A Hausa/Fulani, Muslim, and former Nigeria’s vice president, Atiku hails from Adamawa state in the north-east— a zone which has the second least number of registered voters (12.8 million or 13.3%). Atiku’s major strengths are built on five pillars. First, the northern region he comes from has substantial electoral strength with a combined total of 53.1% of registered voters—and should it go down to the wire, he’ll be the clear favourite to sweep most of these votes . Secondly, his party’s balanced (Muslim-Christian) ticket has attracted no opposition from the Christian community. Thirdly, Atiku is also a man of enormous ‘political logistics’ and experience in political mobilization having contested for the presidency on five previous occasions. Fourthly, although without de jure incumbency advantage, Atiku looks set to gain from the lukewarm attitude of some APC politicians, ministers and other interests not favourably disposed to the Tinubu candidacy. For instance, in an interview in October, the current Minister of Labour and Employment, Mr Chris Ngige, refused to show open commitment to the presidential candidate of the ruling party. The body language of almost all current federal ministers betrays this palpable nonchalance to Tinubu’s candidacy. Fifthly, connecting some critical dots together, Atiku appears to enjoy the support of one of the two powerful camps of former military officers/rulers i.e., the camp of former General Ibrahim Badamasi Babangida (IBB) consisting of such influential retired Generals as T.Y Danjuma and Aliyu Gusau. The other one-man camp of former General/President Olusegun Obasanjo appears to be somewhat neutral—that is, if we gloss over the surprisingly very warm reception Obasanjo recently accorded the APC candidate Tinubu with whom he has had bitter political bones to pick.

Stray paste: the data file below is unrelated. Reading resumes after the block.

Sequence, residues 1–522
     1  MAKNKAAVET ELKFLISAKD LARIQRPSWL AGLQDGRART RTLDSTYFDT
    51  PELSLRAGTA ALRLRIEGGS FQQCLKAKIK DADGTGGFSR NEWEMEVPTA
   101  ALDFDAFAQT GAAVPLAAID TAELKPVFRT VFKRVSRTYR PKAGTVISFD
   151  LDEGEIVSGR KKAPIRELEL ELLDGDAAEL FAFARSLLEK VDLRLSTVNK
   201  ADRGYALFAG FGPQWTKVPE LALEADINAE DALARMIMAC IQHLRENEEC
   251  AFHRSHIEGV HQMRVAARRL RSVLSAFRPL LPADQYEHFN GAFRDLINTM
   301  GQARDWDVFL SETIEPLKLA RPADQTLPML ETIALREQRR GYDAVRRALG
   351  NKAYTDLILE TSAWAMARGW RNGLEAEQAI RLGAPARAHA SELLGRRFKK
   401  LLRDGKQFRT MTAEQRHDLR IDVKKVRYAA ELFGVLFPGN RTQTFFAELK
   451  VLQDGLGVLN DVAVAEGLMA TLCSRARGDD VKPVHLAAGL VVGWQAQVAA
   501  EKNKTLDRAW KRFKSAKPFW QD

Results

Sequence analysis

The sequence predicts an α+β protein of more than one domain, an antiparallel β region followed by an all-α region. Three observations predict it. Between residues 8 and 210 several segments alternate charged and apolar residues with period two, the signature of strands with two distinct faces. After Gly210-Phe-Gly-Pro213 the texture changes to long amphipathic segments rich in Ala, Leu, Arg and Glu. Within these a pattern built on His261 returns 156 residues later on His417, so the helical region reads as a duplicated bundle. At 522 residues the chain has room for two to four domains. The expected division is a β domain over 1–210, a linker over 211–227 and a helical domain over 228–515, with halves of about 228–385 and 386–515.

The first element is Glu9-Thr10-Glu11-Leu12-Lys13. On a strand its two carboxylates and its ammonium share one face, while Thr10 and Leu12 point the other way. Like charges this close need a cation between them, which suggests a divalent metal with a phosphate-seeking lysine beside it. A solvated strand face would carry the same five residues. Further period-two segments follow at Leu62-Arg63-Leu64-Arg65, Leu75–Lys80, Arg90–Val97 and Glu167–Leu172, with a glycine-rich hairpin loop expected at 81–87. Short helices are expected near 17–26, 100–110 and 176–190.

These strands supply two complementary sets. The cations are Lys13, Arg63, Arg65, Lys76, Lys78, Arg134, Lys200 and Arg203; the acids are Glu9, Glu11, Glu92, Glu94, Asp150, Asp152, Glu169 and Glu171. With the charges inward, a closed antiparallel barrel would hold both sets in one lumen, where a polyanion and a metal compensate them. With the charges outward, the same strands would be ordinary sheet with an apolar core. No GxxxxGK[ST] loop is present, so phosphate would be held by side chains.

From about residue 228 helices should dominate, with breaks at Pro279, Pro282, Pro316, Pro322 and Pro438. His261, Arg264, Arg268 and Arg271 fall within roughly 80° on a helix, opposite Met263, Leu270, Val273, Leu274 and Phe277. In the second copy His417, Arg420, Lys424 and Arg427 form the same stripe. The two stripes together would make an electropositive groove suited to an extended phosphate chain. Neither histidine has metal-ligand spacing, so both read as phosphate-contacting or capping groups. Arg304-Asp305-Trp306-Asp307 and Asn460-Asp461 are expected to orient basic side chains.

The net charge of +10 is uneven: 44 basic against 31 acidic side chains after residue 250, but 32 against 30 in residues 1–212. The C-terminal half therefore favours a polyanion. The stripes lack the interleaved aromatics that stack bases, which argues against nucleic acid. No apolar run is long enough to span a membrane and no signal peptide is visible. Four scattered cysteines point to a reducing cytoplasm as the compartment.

However, the major challenge for Atiku now is the rebellion of the G-5 governors led by Mr Nyesom Wike—the Governor of Nigeria’s oil-rich Rivers state, which also has the fourth highest number of registered voters in the country. The extent to which G-5 rebellion will affect the chances of Atiku in the presidential election will substantially depend on whether or not INEC deploys the BVA system, which, as argued above, will significantly curtail the influence of governors to swing their states as they desire. Also, the open belligerence of G-5 members to Atiku appears to be having the unintended effects of slowly but surely shifting the sympathy of northern elites and electorates in Atiku’s favour. Just the same way the persistently vehement opposition to APC’s Muslim-Muslim ticket by some prominent northern Christians (such as the former SGF Babachir Lawal and former HoR speaker Yakubu Dogara) is beginning to shift the sympathy of sections of voters in the north towards the APC candidate. Based on PPEP, Atiku currently has 37.5% probability of wining the presidential election.